This ceremony goes back many, many years to when ships (from most nations) first started crossing the Equator and into the southern Antarctic waters. It involves all those who have not previously ‘Crossed the Line’ by sea (the line being the Equator or 60 degrees south, or have no appropriate certificate to prove their crossing). They are required to go before the Court of Neptune, where their sins are read out, and the punishments bestowed.

On the arrival of King Neptune, all those uninitiated travelers heading south (Mango) were requested to report to the King. Mango needed no encouragement when he was asked to kneel before the King and kiss his “Kipper” (the King was unable to find a fish so he used a prawn head instead). When the prawn was kissed, the King covered Mango in slop, a foul mixture of unknown ocean ingredients. Most people try and avoid King Neptune but for Mango he was a proud and willing participant.

Mango has now, in advance, officially “paid humble and due honour to his passage” and as soon as he ‘Crosses the Line’ it will all become official. Mango was presented with a King Neptune ‘Crossing the Line’ certificate in a spectacular handmade wooden frame (by Jim).

On behalf of everyone on station: “Thank you Mango, for your friendship, your positive energy, hard work, your wonderful easy going helpful personality and the training you provided the team. We wish you and Monica an enjoyable journey home.”


Moments In Time

Extracts from Old Station Logs

Friday 3rd October 1979

Light southerly winds. Boat trip to Bauer aborted after striking strong southerly winds, 4m seas off Eagle Caves. 3 boats returned safely. Approval given to Karen to enter the Petrel Peak area. Fire alarm 14.50. This one was genuine — welding sparks caught alight drop sheets in Dieso’s. Fire controlled locally by extinguisher. Lots of smoke, only damage was a large drop sheet totally burnt. Everyone accounted for at muster.

Tuesday 9th October, 1984

Slushy again — for the last time. Telexes about change over details coming in at a great rate now, including passenger lists etc. The first of the annual reports has also come in — Roger’s Radio Technical report. Gale force winds all day, gusts up to over 60 knots.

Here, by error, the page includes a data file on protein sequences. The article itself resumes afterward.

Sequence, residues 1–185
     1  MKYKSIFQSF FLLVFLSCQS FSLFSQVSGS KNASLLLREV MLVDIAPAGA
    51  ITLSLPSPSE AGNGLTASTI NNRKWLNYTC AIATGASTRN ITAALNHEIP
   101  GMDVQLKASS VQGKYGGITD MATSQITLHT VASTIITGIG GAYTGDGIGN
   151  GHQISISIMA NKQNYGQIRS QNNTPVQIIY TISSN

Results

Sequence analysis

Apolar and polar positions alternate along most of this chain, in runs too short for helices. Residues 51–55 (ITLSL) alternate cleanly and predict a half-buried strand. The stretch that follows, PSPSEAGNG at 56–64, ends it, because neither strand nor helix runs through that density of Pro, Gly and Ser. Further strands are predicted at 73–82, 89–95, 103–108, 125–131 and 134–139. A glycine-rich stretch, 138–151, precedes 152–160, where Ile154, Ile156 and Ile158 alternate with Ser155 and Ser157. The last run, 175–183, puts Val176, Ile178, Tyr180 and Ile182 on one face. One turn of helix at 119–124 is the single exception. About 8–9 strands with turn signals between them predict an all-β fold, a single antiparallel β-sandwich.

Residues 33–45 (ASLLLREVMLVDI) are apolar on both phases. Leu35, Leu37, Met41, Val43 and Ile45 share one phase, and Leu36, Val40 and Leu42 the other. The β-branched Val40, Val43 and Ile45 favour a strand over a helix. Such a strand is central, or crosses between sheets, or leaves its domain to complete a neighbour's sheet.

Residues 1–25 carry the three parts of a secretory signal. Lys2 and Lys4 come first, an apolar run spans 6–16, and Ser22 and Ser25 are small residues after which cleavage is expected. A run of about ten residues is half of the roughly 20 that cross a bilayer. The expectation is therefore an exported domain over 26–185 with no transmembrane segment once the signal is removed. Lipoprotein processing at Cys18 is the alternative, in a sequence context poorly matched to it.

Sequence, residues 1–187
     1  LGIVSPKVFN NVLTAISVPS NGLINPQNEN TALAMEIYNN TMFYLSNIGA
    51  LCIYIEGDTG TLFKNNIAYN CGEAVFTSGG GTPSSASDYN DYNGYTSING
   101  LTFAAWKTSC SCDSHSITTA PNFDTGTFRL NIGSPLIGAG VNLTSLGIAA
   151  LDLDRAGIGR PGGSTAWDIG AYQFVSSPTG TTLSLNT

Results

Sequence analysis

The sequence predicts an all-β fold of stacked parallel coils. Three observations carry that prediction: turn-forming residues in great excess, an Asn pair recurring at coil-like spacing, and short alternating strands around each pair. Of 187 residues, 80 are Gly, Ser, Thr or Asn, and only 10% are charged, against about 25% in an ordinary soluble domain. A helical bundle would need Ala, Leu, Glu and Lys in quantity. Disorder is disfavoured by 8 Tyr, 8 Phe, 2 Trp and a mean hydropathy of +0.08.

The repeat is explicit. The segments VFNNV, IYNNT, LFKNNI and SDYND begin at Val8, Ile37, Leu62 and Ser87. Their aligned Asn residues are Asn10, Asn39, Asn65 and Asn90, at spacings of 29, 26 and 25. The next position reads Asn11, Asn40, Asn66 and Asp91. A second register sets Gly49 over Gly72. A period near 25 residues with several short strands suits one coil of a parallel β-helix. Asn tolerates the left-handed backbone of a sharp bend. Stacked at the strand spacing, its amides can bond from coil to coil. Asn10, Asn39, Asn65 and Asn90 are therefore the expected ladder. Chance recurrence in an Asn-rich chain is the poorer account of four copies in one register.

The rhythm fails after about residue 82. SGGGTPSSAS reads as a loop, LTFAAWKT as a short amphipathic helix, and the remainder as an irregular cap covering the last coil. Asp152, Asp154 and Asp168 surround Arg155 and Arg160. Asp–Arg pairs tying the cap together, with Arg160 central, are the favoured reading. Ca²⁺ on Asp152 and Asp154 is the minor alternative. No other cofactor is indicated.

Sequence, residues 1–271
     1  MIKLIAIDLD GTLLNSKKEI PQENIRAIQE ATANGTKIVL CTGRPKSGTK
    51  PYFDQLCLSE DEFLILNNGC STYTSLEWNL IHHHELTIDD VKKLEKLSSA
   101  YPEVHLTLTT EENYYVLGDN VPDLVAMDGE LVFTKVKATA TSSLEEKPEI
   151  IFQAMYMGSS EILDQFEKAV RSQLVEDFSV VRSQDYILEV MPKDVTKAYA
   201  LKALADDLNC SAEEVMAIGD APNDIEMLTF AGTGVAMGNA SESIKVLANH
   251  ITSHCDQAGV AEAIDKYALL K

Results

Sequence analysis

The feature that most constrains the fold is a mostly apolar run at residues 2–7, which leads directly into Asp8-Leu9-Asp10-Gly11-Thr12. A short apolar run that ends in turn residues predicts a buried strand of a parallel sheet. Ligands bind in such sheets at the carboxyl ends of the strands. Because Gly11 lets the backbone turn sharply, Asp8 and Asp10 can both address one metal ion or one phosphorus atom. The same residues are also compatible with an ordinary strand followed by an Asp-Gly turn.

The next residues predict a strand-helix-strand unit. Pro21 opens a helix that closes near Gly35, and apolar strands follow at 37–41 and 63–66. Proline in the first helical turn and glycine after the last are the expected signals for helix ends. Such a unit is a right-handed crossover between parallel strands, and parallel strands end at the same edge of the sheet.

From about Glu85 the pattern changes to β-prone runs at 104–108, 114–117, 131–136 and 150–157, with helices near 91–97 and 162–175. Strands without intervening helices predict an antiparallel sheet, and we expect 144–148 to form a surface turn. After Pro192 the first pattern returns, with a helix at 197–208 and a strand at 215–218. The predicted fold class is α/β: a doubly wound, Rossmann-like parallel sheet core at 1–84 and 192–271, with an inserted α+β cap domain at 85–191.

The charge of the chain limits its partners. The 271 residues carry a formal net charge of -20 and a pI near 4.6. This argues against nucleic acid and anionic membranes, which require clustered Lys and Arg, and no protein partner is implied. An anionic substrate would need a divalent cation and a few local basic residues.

Packed sleeping bags to go to the field hits and burnt off some more contaminated fuel. The ban by Radio Operators is still on, and surprisingly, a message of support has gone out to them from the Director. Station meeting in the evening to set time-table for the next few days until the Nella Dan arrives.

Wednesday 7th October, 1992

No leopard seal sighted.  Isthmus female ellies census:

East Coast — 909

West Coast — 1915

Total 2824

Weaner pups — east coast (4). West Coast (7)…total 11

Station Leader distributed IASOS questionnaires on Women’s Role in Antarctica. Station Leader and John bar-coding groups 1, 11, 27, 14, and 17. Brendon returned from Caroline Cove in 9 1/2 hours.  Chicken casserole or fish for dinner, cream buns for dessert. The evening movie was “Hot Summers Night” starring Leslie Neilson.

Heritage Survey

In mid September I put aside my doctorly duties and assumed my other role of resident archaeologist for a heritage survey trip to Hurd Point and Caroline Cove.

Both sites were once utilised for oil harvesting from elephant seals and penguins in the early 19th century. Hurd Point was used again at the turn of the century for a more technologically advanced digester plant, with workers living in a hut nearby.

The Hurd Point heritage site is now part of the enormous royal penguin rookery so it was important to get in and out before the penguins started arriving and nesting. The site is quite complex, with remains of a trypot series as well as the digester and boiler which have fallen over and rolled a little way towards the beach.

At Caroline Cove, penguins roost in the hills around the beach, but the main feature is a giant petrel colony nearby, one of the reasons access to the Cove is restricted. The trypots known to be located here have unfortunately been buried by one of the landslips which are common to the area, but at least they will be protected until time or tide reveals them once again.

Along the way, it was also great to see some of the local wildlife, particularly the newborn elephant seal pups, who set new standards in cuteness.

The weather was somewhat challenging during the trip with a head wind going both south AND north, plus lots of snow on day three. But it was all worth it for the sunshine at Caroline Cove and the chance to investigate the island’s history.

Many thanks to Richard for permission to go to Caroline Cove and making sure I got there and back in one piece!

Mel Van Twest